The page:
Myths and Facts
Diabetes causes more deaths a year than breast cancer and AIDS combined. Having diabetes nearly doubles your chance of having a heart attack. The good news is that good diabetes control can reduce your risks for diabetes complications.
Type 1 diabetes is caused by genetics and unknown factors that trigger its onset; type 2 is caused by genetics and lifestyle factors. Being overweight increases your risk for developing type 2, and a diet high in calories from any source contributes to weight gain. Research has shown that sugary drinks are linked to type 2 diabetes. Learn more.
You are no more likely to get sick if you have diabetes. However, an illness can make your diabetes more difficult to control. Learn more.
They can be tennis players, mountain climbers, weight lifters, basketball stars, snowboarders – the sky's the limit!
Women who manage their diabetes well can have a normal pregnancy and give birth to a healthy baby. Learn more.
Not always. Some people cannot feel or recognize the symptoms of low blood glucose, or hypoglycemia, which can be dangerous. Learn more.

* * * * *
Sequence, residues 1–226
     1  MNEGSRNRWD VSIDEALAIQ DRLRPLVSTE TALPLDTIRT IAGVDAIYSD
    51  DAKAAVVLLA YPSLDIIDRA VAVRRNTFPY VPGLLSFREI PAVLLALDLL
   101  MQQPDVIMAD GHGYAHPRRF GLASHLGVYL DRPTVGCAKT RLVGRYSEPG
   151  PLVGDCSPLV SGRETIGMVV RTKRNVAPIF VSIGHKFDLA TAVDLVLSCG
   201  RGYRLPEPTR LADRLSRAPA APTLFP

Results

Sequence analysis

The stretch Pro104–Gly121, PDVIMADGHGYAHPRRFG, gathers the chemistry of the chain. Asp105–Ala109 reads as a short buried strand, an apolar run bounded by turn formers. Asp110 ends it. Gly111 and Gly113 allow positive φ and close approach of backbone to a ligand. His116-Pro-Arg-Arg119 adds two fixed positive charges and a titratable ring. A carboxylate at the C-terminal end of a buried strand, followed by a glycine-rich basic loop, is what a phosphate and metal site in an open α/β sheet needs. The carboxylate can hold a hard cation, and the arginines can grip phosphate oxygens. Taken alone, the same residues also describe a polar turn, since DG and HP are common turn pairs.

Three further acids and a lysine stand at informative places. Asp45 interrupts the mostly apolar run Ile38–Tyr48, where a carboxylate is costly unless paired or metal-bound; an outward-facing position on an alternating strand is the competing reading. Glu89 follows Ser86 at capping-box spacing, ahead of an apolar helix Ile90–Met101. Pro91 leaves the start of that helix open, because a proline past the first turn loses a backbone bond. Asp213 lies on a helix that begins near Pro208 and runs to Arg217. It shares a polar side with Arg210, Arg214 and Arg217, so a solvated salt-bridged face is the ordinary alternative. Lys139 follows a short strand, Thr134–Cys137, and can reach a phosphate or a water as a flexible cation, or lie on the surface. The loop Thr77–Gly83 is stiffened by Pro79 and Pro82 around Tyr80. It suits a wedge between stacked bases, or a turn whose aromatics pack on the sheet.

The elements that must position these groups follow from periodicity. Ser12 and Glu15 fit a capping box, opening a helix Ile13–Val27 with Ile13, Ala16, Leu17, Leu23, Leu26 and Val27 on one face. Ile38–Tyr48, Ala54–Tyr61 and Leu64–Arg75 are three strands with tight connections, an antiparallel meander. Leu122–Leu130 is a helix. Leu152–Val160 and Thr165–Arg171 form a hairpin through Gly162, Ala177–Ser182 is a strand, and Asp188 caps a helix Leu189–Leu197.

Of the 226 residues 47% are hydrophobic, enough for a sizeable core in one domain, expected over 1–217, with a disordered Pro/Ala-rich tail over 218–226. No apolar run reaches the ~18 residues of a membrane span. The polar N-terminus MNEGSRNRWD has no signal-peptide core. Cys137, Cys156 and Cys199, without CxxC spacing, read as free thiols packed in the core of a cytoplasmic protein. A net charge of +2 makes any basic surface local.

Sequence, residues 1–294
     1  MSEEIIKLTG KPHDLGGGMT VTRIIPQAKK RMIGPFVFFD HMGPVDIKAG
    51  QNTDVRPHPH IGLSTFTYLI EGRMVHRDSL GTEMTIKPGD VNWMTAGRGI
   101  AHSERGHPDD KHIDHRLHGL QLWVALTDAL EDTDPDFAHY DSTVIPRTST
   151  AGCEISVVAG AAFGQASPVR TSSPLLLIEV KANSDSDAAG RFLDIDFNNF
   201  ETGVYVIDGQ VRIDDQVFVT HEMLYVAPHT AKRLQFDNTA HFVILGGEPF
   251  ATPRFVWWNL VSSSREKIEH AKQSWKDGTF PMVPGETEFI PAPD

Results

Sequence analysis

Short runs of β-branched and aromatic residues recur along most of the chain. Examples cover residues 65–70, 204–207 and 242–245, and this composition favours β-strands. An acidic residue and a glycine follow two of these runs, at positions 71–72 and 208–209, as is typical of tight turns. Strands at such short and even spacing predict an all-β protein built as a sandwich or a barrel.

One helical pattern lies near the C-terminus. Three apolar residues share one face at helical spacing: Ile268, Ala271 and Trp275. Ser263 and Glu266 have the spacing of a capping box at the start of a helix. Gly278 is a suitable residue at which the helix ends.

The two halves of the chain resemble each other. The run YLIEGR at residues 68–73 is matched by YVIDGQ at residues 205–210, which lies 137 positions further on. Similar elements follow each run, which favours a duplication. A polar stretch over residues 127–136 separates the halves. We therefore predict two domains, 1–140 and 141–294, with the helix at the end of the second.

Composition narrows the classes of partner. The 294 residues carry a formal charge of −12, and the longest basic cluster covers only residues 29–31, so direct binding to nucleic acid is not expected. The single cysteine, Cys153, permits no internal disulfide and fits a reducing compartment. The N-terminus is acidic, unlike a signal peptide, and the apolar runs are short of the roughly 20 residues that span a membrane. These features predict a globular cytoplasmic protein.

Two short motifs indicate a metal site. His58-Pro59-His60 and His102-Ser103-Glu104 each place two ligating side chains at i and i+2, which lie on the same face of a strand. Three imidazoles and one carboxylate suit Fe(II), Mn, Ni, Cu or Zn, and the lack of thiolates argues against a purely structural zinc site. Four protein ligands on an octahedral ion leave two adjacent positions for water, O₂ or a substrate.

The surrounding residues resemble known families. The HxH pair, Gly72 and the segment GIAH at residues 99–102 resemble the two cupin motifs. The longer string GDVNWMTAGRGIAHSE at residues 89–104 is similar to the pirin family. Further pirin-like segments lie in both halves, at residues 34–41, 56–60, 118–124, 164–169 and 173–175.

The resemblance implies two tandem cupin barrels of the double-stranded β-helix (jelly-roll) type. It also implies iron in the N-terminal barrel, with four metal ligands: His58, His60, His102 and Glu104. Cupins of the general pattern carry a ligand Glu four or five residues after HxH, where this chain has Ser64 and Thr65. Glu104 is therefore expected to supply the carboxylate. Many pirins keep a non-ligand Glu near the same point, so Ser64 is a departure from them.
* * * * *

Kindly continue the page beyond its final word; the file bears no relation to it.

There is no such thing. Everyone who has diabetes runs the risk of serious complications. Learn more.
Losing just 7% of your body weight can offer significant health benefits—about 15 pounds if you weigh 200. Learn more.
Family history is only one of several risk factors for type 2 diabetes. Learn more.
Not always. Type 2 diabetes often goes undiagnosed because it usually has few or no symptoms when it first develops. Learn more.
It puts both mother and child at a higher risk of developing type 2 diabetes later in life. Learn more.
You're eligible to donate blood as long as your diabetes is well controlled. Learn more.
The vast majority of drivers who use insulin can safely operate motor vehicles. Learn more.
Pilots must meet the FAA's medical guidelines—and we're working hard to ensure that they are reasonable and fair. Learn more.
It is considered safe, as long as your diabetes is well controlled.
You have rights, and federal laws prohibit discriminations against workers with diabetes. Learn more.
Type 2 diabetes is a progressive disease, and most people with it eventually need insulin. By using insulin to keep their diabetes in good control, people with type 2 can often avoid complications and lead a healthy life. Learn more.
People with diabetes benefit from the same healthy diet that is good for everyone else: plenty of whole grains and fruits and vegetables, with a limited amount of fat and refined sugar. Learn more.